Enterprise Java

Adding Turbochargers to JEE Apps

One of the key roles, I play is evangelizing Akka within my local community. As part of the discussions, the question/doubt usually in people’s mind is how can Akka provide better scalability and concurrency against a well written Java/JEE application.

Since the underlying hardware/JVM remains the same, how can the actor model ooze out more power than the traditional JEE applications? In order to showcase the skeptics we decided to do small test where we take an existing JEE Web application, remodel the business logic to make use of the actor model and run tests against the same.

DayTrader Application

DayTrader is a benchmark application built around the paradigm of an online stock trading system. The application allows users to login, view their portfolio, lookup stock quotes, and buy or sell stock shares. DayTrader not only serves as an excellent application for functional testing, but it also provides a standard set of workloads for characterizing and measuring application server and component level performance.
DayTrader is built on a core set of Java EE technologies that includes Java Servlets and JavaServer Pages (JSPs) for the presentation layer and Java database connectivity (JDBC), Java Message Service (JMS), Enterprise JavaBeans (EJBs) and Message-Driven Beans (MDBs) for the back-end business logic and persistence layer. More information about DayTrader is available here.

DayTrader seemed the right fit of an application to test our theory. We decided on the JSP->JDBC model to keep things simple and comparable. We took 2 use cases and remodelled the business logic to make use of the TypedActors.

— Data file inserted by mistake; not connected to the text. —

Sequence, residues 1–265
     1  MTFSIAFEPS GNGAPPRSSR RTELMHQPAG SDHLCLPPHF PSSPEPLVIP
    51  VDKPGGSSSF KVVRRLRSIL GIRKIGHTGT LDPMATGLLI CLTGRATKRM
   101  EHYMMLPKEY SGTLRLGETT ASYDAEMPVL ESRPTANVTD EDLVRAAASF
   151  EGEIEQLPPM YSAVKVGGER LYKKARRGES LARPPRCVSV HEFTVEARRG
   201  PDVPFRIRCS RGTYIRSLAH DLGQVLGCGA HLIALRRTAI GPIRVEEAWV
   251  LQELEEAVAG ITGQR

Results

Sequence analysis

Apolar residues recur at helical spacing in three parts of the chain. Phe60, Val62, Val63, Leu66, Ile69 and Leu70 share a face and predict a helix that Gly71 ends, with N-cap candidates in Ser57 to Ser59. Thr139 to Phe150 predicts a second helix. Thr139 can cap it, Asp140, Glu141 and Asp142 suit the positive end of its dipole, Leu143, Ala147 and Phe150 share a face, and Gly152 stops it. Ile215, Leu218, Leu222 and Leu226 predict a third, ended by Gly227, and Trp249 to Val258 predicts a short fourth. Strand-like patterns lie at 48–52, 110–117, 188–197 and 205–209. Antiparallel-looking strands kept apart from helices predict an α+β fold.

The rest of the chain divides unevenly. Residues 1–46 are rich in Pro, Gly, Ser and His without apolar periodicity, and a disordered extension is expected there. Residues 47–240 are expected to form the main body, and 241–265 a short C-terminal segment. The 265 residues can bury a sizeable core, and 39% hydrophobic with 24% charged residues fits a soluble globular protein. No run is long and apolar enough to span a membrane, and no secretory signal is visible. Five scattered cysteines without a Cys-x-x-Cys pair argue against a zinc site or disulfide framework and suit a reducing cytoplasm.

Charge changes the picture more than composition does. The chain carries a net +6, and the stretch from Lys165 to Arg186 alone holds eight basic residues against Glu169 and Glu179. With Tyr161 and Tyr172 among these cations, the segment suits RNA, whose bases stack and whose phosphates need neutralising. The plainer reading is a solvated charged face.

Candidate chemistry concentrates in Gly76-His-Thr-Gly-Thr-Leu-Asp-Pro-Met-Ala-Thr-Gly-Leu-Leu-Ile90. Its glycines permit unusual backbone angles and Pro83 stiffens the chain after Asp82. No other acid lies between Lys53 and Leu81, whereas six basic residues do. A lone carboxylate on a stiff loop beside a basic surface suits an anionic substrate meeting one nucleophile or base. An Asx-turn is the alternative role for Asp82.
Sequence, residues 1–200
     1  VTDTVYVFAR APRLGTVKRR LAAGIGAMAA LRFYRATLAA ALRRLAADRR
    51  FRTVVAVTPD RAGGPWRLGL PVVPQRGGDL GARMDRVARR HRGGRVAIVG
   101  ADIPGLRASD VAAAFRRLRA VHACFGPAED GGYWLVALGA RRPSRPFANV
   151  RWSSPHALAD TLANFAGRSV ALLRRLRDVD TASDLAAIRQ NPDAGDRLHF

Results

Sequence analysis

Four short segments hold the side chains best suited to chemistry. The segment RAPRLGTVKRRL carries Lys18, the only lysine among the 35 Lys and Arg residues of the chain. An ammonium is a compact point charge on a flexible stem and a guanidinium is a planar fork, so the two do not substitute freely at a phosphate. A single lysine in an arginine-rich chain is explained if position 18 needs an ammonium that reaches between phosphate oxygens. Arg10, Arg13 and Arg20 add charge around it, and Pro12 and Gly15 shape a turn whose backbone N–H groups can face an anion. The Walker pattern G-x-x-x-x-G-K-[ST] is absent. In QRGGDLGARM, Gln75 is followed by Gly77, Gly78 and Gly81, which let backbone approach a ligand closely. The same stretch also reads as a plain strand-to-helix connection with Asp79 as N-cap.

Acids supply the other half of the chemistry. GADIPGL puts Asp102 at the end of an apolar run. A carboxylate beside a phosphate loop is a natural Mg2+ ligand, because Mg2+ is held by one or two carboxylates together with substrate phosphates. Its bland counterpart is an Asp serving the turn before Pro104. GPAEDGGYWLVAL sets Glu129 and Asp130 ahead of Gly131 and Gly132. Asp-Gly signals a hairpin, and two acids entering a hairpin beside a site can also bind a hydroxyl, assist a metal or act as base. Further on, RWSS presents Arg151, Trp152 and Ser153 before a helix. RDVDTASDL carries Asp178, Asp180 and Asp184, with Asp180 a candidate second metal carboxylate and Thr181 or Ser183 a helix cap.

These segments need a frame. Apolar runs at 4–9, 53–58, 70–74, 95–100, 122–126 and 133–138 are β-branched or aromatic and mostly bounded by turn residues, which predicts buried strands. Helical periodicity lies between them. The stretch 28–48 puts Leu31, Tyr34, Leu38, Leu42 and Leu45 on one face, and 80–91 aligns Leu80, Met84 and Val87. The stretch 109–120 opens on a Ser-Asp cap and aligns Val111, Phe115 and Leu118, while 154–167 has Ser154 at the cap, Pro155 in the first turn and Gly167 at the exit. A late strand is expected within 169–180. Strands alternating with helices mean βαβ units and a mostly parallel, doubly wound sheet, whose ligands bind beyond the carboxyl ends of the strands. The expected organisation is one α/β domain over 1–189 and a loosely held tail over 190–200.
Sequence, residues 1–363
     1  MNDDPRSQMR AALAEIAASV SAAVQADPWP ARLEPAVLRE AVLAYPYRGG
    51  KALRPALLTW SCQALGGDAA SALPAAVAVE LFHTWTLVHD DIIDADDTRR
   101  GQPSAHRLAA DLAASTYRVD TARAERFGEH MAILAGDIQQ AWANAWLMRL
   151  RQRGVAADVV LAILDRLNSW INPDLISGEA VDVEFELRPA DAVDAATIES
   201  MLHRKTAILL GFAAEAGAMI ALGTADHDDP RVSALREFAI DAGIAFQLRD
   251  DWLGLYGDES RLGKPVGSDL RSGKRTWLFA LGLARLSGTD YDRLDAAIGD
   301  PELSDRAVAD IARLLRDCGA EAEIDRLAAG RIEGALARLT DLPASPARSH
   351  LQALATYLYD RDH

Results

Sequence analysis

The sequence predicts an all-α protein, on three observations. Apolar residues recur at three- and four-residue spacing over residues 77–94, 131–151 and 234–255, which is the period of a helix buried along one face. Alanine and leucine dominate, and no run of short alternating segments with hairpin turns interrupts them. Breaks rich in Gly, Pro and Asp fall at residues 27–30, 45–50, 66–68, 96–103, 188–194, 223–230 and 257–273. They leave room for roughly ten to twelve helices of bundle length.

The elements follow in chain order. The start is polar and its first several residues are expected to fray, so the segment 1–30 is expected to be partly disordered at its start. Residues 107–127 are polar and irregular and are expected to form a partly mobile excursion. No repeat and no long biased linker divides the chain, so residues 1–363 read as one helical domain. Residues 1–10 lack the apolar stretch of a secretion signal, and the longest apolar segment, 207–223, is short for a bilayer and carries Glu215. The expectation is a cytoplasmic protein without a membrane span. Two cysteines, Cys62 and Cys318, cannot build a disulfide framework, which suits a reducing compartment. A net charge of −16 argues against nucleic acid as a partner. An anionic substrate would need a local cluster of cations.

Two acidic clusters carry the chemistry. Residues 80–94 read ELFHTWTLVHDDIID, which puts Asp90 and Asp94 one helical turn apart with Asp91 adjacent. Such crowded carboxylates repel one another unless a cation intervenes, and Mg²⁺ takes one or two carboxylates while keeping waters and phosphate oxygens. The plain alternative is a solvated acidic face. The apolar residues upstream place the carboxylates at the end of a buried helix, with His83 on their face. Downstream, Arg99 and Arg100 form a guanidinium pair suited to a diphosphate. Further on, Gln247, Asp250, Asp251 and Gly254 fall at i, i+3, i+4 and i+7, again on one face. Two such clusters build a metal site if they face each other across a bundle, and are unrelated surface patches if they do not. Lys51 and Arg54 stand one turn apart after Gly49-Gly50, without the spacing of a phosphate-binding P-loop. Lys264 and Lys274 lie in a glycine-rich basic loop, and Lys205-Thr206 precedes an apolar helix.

Scenario 1 – Quote/Trade screen – Get quotes

In the Quotes/Traders screen of DayTrader application there is a facility for selecting the details of a list of quotes by clicking the quotes button. The price quotes for the stock shares will be retrieved and displayed to the user.

In the standard flow, the get quote request is handled by a dedicated TradeAction which internally invokes the getQuote() interface of the TradeDirectJEEE object. For each request a TradeAction object is created.

In the updated flow, a set of worker actors was created which listens for requests from various modules to get the quote details. The TradeActionManager will create the Typed actor pool at the start and it will also have operations to route the incoming requests to the Typed actors which hold the TradeAction objects for invoking the getQuote function. Since Typed actors are used the same TradeActionManager can cater to other TradeAction calls with minimal changes in the existing application.

Both the orignal and the modified DayTrader application was executed with 20, 50, 75 and 100 Typed actors with as many Trade Action objects.

The graph shows the relative throughput for each tested scenario with dark red bars indicating the throughput values of the original application and the other bars indicating the throughput for application with Akka for different actor pool sizes.

  • Akka Typed Actors has given per second throughput better than the original DayTrader application (for larger actor pool sizes) with lesser memory usage (especially for 700 and 300 users * 2 requests each).
  • The original application required an additional 168 MB for serving 1400 requests (700 users with 2 requests each) whereas for the modified application with a Typed Actor pool size of 50 actors the additional memory used for serving the same kind of request volume was observed to be 104 MB which is an improvement of 38%. For 75 and 100 typed actors the additional memory usage was observed to between 126MB-136MB.

The graph shows the relative throughput for each tested scenario with dark red bar indicating the throughput values of the original application and the other bars indicating the throughput for application with Akka for different actor pool sizes.